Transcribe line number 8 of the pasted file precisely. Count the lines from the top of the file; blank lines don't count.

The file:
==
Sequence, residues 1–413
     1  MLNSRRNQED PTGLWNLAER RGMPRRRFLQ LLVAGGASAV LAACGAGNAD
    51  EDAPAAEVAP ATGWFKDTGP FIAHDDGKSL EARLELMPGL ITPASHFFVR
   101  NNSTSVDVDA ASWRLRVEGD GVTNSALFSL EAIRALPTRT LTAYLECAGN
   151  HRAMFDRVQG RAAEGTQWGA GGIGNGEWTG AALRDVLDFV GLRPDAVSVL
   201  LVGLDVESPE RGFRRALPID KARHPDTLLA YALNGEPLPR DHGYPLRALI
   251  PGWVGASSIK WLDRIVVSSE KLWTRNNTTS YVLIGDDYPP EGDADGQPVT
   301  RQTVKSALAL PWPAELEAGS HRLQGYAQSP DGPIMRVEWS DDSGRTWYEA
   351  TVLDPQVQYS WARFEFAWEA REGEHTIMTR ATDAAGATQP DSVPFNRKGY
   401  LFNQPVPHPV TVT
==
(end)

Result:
   301  RQTVKSALAL PWPAELEAGS HRLQGYAQSP DGPIMRVEWS DDSGRTWYEA